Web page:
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Money for Nothing

Presenter: Bryan Curtis
  • 香港電台網站只提供過往12個月的節目重溫。 provides archive service for programmes in the past 12 months only.
Top five news events / US consumer confidence / Next Media in Taiwan

There is an unsettling decline in the Conference Board's March Consumer Confidence Index. Should investors be worried? On Money For Nothing, the Conference Board's chief economist in New York will join us to discuss the US versus the state of Europe's economies and, of course, Cyprus. Richard Harris of Port Shelter will take his pick of the top economic and business news in the past fortnight. We are also joined by James Ross, a media industry expert, who will take a look at the intriguing collapse of Jimmy Lai's Taiwan exit plans. (8am-8.30am,

8.03 am - News highlights of the day

* Cyprus banks are set to re-open with new limits on withdrawals

* Walmart takes on Amazon as it launches an in-store locker service that will help it become an online superstore

* The Minneapolis Fed chief Narayana Kocherlakota says the FOMC may choose not to raise interest rates when the jobless figure falls below 6.5%

Richard Harris, founder and CEO of Port Shelter Investment Management makes his pick of the top five news events:

5, The Cyprus bail-out is probably a one-off and the fear of contagion will only hit small countries in Europe.

4, IPOs are up 50% this year. This shows that all the liquidity created in Europe and the US goes straight into the stock markets. The same is happening in Japan.

3, The Russian oligarch Boris Berezovsky found dead in London.

2, China's assets starting to deflate and the equity market remains weak. It basically shows that the economy seems very sluggish.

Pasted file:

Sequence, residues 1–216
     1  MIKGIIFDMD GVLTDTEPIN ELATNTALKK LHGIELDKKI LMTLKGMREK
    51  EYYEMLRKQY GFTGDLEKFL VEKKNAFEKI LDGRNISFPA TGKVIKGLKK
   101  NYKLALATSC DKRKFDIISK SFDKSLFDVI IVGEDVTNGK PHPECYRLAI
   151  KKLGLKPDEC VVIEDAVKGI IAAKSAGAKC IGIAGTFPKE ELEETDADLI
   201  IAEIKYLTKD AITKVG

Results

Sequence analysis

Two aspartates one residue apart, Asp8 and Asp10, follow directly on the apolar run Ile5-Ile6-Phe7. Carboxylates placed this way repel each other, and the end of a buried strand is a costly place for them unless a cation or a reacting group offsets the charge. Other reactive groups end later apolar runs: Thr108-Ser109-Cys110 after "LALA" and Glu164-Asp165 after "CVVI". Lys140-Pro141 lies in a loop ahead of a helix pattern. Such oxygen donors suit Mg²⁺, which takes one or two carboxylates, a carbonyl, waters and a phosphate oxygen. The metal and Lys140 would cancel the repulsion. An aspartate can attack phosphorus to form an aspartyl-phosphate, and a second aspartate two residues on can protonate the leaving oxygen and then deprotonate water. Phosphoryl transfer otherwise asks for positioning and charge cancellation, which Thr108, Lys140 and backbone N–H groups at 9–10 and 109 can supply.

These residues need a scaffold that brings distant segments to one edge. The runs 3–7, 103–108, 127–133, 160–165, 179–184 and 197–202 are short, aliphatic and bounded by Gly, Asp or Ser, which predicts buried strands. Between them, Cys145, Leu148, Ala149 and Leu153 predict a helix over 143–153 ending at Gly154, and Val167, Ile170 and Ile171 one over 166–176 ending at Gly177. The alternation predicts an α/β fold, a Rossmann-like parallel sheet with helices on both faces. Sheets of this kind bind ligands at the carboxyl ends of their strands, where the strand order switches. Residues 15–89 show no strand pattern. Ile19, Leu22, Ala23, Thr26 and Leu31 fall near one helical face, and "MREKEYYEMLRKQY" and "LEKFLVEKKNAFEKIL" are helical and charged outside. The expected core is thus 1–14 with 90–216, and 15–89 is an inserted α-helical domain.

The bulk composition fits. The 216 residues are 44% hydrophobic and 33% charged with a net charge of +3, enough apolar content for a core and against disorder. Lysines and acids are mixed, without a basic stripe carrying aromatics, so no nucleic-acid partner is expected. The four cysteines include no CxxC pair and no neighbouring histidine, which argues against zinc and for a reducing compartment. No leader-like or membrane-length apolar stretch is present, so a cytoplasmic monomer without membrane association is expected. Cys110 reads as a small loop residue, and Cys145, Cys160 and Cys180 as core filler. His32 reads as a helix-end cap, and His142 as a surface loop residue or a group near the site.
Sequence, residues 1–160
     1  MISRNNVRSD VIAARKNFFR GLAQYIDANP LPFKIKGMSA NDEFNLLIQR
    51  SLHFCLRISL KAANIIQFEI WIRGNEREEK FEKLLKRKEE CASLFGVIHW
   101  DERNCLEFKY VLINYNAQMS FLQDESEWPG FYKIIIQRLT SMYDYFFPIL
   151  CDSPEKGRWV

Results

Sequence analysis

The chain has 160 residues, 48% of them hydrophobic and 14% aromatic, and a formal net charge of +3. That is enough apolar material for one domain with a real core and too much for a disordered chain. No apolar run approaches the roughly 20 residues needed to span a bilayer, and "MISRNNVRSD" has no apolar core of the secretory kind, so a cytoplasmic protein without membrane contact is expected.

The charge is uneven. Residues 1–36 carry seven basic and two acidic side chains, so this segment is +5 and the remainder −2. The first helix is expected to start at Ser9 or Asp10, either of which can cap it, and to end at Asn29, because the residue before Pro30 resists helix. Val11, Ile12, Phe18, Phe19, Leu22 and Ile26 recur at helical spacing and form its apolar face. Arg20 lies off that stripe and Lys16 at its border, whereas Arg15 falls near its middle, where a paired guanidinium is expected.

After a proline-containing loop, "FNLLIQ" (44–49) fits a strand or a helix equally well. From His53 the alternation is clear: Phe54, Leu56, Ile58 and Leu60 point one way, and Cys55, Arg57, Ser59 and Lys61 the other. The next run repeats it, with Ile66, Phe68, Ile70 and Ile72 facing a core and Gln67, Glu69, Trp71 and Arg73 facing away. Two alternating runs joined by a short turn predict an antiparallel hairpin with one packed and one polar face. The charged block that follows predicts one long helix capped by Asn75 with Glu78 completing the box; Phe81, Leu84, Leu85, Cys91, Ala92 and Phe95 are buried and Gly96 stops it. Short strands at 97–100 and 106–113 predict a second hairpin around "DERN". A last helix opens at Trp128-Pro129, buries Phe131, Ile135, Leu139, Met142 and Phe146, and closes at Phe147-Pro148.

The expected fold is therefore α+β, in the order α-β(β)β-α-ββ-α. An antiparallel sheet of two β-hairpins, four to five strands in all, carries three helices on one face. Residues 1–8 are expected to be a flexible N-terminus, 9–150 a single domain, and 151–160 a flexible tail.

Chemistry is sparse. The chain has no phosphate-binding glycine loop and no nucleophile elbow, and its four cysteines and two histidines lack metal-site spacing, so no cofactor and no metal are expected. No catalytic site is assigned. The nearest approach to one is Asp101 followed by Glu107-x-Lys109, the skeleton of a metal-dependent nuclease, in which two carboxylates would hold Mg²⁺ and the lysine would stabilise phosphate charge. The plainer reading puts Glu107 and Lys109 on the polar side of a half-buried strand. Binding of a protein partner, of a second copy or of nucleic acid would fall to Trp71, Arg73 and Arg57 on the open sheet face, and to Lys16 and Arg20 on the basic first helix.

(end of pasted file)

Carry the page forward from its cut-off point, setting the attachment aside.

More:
1, Grovelling banks. JP Morgan is accused of not being upfront with its $6.2 billion trading loss; Standard Chartered has been fined $667 million in New York and Citigroup is told to improve its money laundering controls. "Banks have become piggy banks for the regulators, by paying fines," he says.

8.18 am - US consumer confidence

Bart Van Ark, Executive Vice President and Chief Economist of The Conference Board, says consumers have a bad start to the year. First, there was the payroll tax hike. Then, the sequester. No wonder consumer confidence remains low despite the biggest annual increase in home prices since 2006. "The housing market is really the bright spot in the US economy", he says. "The question really is whether that is sufficient to overcome the drag that we have on the fiscal situation." He points out that there is no close correlation between consumer confidence and actual retail spending. But there tends to be close correlation between consumer confidence and the general economy.

8.25 am - Next Media in Taiwan

Jimmy Lai's last-minute decision to pull the US$500 million sale of his Taiwan print assets was probably more to do with antitrust concerns than politics, says James Ross, founder of TV program distributor Lightning International. Tsai Eng-meng of Want Want China was leading the consortium to buy Next Media Taiwan. But he also has his eyes on a separate cable TV operator. He probably decided to drop his bid for the former in favor of the TV deal to ease concerns about his share of Taiwanese media, Mr Ross says.